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It’s not only the left that expresses alarm when Christians jeopardize the “separation” between church and state when they stir from their slumber and begin to make a difference in the public square. Some Believers object, too. One Evangelical leader offered this stern warning: “There should not be even a hint of anything political in our public discourse.”
All Justices of the Supreme Court pledge fidelity to the Constitution with these words: I do solemnly swear that I will support and defend the Constitution of the United States against all enemies, foreign and domestic; that I will bear true faith and allegiance to the same. It occurs to me that no one with a “living document” view of the U.S. Constitution could make this pledge in good conscience. This oath requires that the words of the Constitution have determinate meaning; the words mean something fixed and particular.
Did you ever hear someone say, “You think God is on your side. He thinks God is on his side. You’re both wrong. God doesn’t take sides.” This, it turns out, is a self-refuting view. Listen to the way it works out in conversation: “You think God is on your side. He thinks God is on his side. You’re both wrong. God doesn’t take sides.” “Is that the view you hold?” “Yes.”
When people ask me if I believe in separation of church and state, I always say no. I believe in non-establishment. Here’s why. On January 1, 1802, Jefferson wrote a letter to the Danbury Baptist Association of Danbury, Connecticut, in which he used the phrase “a wall of separation between church and state.” His note was meant to quell the fears of the Danbury congregation who were concerned that a national denomination would be established. Here is the text in question:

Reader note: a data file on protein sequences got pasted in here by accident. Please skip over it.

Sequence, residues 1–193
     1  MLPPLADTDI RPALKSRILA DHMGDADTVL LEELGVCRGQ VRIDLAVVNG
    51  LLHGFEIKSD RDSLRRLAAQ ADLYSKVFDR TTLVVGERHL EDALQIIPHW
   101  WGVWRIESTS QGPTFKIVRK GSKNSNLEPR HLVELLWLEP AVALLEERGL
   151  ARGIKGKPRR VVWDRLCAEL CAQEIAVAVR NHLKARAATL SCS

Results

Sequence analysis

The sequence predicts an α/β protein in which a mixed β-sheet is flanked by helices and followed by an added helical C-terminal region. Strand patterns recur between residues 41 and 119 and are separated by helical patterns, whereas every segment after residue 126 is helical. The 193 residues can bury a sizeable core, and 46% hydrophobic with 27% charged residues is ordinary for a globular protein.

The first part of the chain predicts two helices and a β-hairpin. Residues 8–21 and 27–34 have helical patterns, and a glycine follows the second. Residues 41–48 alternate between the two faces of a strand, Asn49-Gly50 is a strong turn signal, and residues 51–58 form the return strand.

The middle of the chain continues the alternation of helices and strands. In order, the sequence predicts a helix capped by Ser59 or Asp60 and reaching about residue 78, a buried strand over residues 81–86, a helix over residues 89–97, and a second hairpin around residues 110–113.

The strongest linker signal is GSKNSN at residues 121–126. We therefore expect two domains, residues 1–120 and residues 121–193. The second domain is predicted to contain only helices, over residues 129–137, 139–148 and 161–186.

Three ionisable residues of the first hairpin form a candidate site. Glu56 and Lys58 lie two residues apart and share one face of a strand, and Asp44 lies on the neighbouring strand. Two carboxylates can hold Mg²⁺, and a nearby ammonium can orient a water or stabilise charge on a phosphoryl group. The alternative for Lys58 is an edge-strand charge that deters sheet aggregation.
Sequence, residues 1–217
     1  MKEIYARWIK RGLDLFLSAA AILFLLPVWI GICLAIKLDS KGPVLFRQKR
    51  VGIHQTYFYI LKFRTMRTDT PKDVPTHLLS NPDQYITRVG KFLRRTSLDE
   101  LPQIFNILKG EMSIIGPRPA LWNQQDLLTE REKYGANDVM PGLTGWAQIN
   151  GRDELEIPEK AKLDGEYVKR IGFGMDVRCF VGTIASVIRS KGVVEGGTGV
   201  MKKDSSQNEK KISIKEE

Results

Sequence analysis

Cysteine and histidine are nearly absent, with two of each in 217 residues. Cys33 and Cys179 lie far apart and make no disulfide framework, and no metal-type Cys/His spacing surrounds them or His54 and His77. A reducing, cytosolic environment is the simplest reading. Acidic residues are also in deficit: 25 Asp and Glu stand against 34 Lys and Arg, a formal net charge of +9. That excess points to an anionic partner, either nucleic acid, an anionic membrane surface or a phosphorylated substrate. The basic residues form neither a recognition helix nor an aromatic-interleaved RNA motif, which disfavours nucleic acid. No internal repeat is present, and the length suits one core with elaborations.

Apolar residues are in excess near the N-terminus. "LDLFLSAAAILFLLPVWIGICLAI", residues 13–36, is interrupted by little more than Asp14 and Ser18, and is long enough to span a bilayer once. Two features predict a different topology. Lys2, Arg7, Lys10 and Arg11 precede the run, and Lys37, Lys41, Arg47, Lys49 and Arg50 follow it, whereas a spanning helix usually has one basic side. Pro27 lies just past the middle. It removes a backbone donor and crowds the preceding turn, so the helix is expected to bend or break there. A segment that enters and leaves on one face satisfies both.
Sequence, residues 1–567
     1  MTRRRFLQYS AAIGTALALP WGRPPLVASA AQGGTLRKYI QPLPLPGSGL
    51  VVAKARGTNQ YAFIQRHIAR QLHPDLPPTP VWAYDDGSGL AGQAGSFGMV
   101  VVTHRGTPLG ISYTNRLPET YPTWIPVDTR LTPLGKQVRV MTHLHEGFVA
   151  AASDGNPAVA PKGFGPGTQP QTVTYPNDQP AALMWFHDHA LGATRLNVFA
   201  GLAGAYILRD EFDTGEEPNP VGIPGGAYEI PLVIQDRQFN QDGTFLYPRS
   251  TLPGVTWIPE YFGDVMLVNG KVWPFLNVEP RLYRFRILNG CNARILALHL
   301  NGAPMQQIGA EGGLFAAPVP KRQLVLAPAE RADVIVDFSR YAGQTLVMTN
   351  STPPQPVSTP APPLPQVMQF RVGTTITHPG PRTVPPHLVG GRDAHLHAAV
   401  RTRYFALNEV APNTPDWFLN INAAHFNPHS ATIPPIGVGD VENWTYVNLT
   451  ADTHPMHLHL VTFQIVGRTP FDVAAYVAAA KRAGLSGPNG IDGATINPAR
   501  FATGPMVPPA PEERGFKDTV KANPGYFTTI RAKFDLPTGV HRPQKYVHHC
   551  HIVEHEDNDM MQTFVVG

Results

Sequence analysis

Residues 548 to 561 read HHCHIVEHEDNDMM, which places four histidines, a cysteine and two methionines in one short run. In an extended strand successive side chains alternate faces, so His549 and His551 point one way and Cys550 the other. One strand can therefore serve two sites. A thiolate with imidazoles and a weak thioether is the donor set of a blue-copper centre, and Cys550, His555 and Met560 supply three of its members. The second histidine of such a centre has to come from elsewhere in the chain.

Does Scripture teach we should be silent on anything that doesn’t have to do with saving souls? Is it God’s desire that we abandon everything this side of the grave as profane and utterly lost? Is nothing in this life valuable, important or worth redeeming?
Sometimes objections come in pairs that are logically inconsistent and therefore oppose each other. I call this "sibling rivalry" because they are like children fighting.
Philosopher J.P. Moreland points out that conservative Christian scholars have a point of view, like everyone else. The Christian's bias, though, doesn't inform his conclusions the same way biases inform the conclusions of the Jesus Seminar and liberal theologians.
This is known as a pseudo-question. It’s like asking, “Can God win an arm wrestling match against Himself?” or, “If God beat Himself up, who would win?” or, “Can God’s power defeat His own power?”
I want to teach you how to assess a basic argument. How can you know if an argument is a good one or not?
Does the Bible require making a private correction when you disagree with a published author?